Fast Food & Fact-Checking: Lessons From PolitiFact
After the Tampa Bay Times won a Pulitzer Prize for PolitiFact, its groundbreaking fact-checking operation, other newspapers wanted to get in the game and start their own PolitiFact sites. Editor Bill Adair had to figure out how to scale a specialized, unique type of journalism to many newsrooms — without harming the Truth-O-Meter, the heart of the PolitiFact brand. Adair took some guidance from the fast-food industry, which has perfected how to make burgers and fries taste the same from St. Pete to Seattle. Adair will describe how he adapted techniques like secret tasters, in-depth training programs, and a build-a-burger approach to accountability journalism. Steve Myers, who has written extensively about PolitiFact and the emerging field of fact-checking journalism, will discuss how PolitiFact’s franchise approach addresses challenges of strained newsroom budgets and is a model for collaborative, distributed journalism.
Additional Supporting Materials
- How did PolitiFact expand from a three-person team at one newspaper to 35 staffers at 13 newspapers around the country, while maintaining its high-quality journalism?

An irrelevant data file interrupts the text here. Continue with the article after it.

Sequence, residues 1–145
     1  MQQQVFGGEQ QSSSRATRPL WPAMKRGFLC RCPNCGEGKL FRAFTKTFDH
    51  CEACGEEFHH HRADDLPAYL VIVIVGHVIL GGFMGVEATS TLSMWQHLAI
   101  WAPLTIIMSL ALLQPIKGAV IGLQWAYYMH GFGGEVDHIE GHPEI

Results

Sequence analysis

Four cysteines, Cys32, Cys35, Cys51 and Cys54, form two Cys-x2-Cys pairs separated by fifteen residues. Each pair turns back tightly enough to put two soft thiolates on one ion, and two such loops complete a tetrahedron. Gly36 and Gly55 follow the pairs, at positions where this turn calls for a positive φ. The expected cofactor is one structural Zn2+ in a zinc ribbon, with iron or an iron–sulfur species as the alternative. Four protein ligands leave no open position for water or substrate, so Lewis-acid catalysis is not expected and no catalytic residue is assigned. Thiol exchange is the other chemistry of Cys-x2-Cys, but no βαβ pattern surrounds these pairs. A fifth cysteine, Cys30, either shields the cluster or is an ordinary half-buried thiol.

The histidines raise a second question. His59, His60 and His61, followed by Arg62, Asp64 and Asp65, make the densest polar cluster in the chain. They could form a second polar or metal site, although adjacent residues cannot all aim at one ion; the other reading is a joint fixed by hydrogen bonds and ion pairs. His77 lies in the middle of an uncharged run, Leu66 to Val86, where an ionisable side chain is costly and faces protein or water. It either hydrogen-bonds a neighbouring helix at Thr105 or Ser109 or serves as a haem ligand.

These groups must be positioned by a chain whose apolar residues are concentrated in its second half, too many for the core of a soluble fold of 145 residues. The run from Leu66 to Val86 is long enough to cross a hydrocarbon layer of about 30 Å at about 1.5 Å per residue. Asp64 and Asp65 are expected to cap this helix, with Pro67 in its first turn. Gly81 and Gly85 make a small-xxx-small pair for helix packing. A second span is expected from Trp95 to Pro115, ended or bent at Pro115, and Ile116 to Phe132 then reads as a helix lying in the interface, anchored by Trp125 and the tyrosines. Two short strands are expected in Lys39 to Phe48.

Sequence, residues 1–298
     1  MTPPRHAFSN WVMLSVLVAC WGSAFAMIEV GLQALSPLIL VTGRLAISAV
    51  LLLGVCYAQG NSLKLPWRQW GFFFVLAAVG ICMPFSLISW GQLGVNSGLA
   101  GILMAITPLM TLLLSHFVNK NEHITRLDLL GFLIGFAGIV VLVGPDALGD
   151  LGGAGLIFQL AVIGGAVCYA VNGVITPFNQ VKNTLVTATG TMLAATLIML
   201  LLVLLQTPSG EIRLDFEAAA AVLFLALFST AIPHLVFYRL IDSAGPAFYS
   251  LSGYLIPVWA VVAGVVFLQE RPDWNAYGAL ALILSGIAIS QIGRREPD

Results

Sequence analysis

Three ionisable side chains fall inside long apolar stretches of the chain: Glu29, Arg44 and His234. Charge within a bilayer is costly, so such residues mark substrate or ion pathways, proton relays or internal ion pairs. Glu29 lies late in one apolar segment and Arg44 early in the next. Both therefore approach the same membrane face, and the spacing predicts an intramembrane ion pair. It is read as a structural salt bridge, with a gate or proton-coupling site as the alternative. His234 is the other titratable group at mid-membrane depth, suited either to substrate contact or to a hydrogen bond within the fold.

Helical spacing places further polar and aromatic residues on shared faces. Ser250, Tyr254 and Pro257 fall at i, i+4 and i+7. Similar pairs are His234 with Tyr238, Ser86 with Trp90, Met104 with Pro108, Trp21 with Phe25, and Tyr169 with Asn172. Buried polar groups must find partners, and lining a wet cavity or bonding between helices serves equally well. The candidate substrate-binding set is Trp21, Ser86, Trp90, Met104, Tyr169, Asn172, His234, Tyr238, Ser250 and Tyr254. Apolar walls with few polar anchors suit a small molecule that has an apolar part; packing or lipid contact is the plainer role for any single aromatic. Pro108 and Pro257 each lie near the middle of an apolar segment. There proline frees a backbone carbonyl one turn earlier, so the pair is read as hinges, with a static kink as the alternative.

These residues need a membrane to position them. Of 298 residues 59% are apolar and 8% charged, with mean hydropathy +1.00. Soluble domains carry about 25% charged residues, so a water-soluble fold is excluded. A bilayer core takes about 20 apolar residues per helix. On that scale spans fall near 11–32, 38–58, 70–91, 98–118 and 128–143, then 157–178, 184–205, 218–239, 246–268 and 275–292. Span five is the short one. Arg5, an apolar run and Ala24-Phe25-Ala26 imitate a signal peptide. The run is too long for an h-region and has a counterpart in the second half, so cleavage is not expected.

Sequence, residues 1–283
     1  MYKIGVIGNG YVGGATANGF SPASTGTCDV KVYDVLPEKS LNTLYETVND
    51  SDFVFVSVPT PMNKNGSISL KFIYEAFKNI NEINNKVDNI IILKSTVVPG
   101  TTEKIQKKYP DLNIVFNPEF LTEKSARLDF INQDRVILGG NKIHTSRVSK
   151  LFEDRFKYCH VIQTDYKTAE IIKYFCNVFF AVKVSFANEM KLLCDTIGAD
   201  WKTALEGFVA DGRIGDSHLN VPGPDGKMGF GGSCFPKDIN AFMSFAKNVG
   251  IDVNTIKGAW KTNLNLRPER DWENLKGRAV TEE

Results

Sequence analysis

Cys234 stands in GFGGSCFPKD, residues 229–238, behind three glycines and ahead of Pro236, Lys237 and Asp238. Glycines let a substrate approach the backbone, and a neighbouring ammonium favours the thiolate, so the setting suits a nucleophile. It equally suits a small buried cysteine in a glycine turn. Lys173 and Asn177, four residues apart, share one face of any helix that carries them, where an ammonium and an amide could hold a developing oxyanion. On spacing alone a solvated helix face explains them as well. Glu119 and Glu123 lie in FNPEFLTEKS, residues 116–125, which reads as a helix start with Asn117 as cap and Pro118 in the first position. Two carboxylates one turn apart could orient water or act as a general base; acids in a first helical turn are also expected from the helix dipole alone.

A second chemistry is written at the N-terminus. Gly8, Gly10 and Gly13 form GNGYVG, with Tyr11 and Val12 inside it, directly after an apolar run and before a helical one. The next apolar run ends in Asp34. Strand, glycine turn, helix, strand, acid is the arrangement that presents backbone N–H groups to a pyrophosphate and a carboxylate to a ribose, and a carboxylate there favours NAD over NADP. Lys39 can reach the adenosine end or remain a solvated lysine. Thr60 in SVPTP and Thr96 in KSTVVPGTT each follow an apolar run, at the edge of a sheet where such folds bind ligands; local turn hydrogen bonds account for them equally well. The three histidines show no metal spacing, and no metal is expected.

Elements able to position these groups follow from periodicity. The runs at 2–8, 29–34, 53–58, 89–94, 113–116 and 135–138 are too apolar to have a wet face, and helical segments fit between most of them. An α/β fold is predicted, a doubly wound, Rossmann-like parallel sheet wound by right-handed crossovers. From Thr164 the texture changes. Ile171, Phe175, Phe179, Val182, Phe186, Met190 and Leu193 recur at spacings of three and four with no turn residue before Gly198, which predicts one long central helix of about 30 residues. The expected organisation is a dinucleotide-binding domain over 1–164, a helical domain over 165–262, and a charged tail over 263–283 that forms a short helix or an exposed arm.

- How did PolitiFact create standards that protect its brand but allow room for creativity and independence?
- How did PolitiFact adapt to a range of newsroom cultures, ownership structures and technological constraints?
- How did PolitiFact structure its partnerships so that state and national sites shared an online home, but each could monetize its own content?
- How can these lessons be applied to other high-intensity, creative endeavors?
Steve Myers Poynter Institute
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